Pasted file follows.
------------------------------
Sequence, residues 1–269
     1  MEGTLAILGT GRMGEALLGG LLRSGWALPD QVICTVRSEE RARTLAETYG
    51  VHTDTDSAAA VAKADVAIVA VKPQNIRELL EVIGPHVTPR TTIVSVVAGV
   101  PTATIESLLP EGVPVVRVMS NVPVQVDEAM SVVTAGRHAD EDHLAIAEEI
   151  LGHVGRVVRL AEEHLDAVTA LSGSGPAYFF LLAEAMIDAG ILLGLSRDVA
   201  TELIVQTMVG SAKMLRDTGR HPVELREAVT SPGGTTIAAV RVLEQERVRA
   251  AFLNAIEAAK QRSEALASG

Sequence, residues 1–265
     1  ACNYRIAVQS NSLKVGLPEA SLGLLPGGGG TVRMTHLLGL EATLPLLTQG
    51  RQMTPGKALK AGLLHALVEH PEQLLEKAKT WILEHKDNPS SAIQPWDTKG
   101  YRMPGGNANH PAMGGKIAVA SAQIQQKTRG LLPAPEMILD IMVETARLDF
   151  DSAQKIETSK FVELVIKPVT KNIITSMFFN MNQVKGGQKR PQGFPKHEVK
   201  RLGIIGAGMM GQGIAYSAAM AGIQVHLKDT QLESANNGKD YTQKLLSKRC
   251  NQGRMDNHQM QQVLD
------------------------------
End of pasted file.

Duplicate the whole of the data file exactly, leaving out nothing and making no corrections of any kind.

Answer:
Sequence, residues 1–269
     1  MEGTLAILGT GRMGEALLGG LLRSGWALPD QVICTVRSEE RARTLAETYG
    51  VHTDTDSAAA VAKADVAIVA VKPQNIRELL EVIGPHVTPR TTIVSVVAGV
   101  PTATIESLLP EGVPVVRVMS NVPVQVDEAM SVVTAGRHAD EDHLAIAEEI
   151  LGHVGRVVRL AEEHLDAVTA LSGSGPAYFF LLAEAMIDAG ILLGLSRDVA
   201  TELIVQTMVG SAKMLRDTGR HPVELREAVT SPGGTTIAAV RVLEQERVRA
   251  AFLNAIEAAK QRSEALASG

Sequence, residues 1–265
     1  ACNYRIAVQS NSLKVGLPEA SLGLLPGGGG TVRMTHLLGL EATLPLLTQG
    51  RQMTPGKALK AGLLHALVEH PEQLLEKAKT WILEHKDNPS SAIQPWDTKG
   101  YRMPGGNANH PAMGGKIAVA SAQIQQKTRG LLPAPEMILD IMVETARLDF
   151  DSAQKIETSK FVELVIKPVT KNIITSMFFN MNQVKGGQKR PQGFPKHEVK
   201  RLGIIGAGMM GQGIAYSAAM AGIQVHLKDT QLESANNGKD YTQKLLSKRC
   251  NQGRMDNHQM QQVLD